Petrolicious – Lotus Super Seven Review – Video
“There’s a certain demand for a driver’s car that optimizes handling weight, exposure to the elements, and that very visceral experience that sort of makes you have to take a shower after driving it—for all the right reasons—you’ve got rocks in your hair and everything else.”
Geoff Wise’s Lotus Super 7 is not only an elemental sports car, but an opportunity for curious onlookers to wonder, “What the–?”
“People will just come up and talk to you,” he says.
In a first for Petrolicious, you’re looking at a ‘kit’ car. In order to get around a hefty import tax on British vehicles imported into the U.S., the car was supplied in part form, along with ‘disassembly’ instructions from Lotus that were intended to be followed in reverse… As a result, many 7s have been developed, customized, and lovingly altered over the years to suit its owner’s wishes.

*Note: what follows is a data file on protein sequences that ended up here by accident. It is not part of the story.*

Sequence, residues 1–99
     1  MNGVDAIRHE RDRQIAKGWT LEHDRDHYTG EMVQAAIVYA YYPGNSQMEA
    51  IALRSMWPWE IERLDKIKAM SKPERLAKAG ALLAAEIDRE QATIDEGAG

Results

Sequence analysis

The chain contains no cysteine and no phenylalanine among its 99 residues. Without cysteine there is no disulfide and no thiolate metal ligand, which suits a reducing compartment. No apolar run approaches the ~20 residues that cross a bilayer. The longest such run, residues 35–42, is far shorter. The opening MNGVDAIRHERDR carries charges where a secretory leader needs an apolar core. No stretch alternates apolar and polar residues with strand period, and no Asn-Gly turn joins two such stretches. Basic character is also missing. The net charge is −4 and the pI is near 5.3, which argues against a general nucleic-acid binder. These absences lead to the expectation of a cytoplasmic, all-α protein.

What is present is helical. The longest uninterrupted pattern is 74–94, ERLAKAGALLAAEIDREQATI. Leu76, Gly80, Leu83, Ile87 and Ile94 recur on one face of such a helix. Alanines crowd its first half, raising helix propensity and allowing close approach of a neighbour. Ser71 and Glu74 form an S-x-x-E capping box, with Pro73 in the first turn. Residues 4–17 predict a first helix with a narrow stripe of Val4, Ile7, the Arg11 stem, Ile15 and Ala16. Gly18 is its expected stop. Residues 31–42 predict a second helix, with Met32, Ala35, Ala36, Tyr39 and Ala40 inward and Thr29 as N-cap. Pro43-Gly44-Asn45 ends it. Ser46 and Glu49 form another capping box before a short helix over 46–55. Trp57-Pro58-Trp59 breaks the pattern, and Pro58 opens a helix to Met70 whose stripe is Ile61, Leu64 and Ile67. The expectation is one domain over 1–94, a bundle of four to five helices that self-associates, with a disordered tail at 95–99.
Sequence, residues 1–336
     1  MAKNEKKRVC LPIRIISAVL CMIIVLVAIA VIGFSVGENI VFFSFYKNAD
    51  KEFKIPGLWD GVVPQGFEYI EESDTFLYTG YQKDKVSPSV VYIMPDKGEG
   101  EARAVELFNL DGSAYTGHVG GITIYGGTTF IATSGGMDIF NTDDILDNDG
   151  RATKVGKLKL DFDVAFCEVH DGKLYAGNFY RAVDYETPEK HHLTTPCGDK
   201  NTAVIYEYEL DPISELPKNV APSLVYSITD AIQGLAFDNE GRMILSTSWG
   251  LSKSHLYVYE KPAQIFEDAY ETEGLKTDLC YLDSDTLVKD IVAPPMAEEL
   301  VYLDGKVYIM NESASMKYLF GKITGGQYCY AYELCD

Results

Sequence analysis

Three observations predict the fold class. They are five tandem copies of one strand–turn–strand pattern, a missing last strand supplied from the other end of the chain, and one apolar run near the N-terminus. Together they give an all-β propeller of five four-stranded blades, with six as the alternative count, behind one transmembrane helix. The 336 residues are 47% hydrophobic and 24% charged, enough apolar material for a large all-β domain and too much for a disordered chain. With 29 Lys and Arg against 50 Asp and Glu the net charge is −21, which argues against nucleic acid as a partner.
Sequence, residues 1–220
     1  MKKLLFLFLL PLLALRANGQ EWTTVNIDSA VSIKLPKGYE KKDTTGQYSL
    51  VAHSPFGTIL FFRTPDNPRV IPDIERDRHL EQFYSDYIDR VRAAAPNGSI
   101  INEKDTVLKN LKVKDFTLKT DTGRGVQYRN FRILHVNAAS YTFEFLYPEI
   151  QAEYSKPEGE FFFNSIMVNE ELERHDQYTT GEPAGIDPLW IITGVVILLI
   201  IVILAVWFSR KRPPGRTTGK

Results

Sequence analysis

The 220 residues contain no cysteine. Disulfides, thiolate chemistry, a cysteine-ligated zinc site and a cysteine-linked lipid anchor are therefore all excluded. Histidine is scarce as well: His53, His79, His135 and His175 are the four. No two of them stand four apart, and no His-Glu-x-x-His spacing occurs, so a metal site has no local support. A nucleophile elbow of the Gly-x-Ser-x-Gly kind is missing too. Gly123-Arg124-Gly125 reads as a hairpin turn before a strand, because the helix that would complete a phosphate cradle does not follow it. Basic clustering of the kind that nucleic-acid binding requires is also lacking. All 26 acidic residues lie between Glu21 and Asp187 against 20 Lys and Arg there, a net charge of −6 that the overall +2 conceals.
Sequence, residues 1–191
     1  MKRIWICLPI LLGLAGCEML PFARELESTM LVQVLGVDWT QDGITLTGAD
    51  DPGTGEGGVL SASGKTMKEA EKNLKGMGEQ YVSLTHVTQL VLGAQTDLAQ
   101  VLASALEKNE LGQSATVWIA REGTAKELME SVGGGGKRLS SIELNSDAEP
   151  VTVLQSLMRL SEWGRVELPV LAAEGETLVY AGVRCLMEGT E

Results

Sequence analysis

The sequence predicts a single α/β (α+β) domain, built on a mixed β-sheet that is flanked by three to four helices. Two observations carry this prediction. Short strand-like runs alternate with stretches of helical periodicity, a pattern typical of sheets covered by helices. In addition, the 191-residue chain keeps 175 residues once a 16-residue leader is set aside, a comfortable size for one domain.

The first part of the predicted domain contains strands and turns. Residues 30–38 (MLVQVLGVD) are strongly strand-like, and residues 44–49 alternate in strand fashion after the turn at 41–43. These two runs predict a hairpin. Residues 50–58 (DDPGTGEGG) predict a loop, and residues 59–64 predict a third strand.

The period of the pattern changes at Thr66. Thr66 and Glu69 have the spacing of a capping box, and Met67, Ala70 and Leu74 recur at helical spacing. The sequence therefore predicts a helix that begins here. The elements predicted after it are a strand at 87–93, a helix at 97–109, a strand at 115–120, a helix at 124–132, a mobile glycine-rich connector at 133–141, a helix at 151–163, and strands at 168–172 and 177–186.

Wise loves driving, so this 7 has been built for that—can you get a more pure driving experience than this ex-race car for the street? Probably not; the Lotus 7 is a legend for a reason, after all.
About the Lotus Super Seven
The Lotus Seven is a small, simple, lightweight two-seater open-top sports car produced by Lotus Cars (initially called Lotus Engineering) between 1957 and 1972.
It was designed by Lotus founder Colin Chapman and has been considered the embodiment of the Lotus philosophy of performance through low weight and simplicity. The original model was highly successful with more than 2,500 cars sold, due to its attraction as a road legal car that could be used for clubman racing.
After Lotus ended production of the Seven, Caterham bought the rights and today Caterham make both kits and fully assembled cars based on the original design.
The Lotus Seven design has spawned a host of imitations on the kit car market, generally called Sevens or sevenesque roadsters.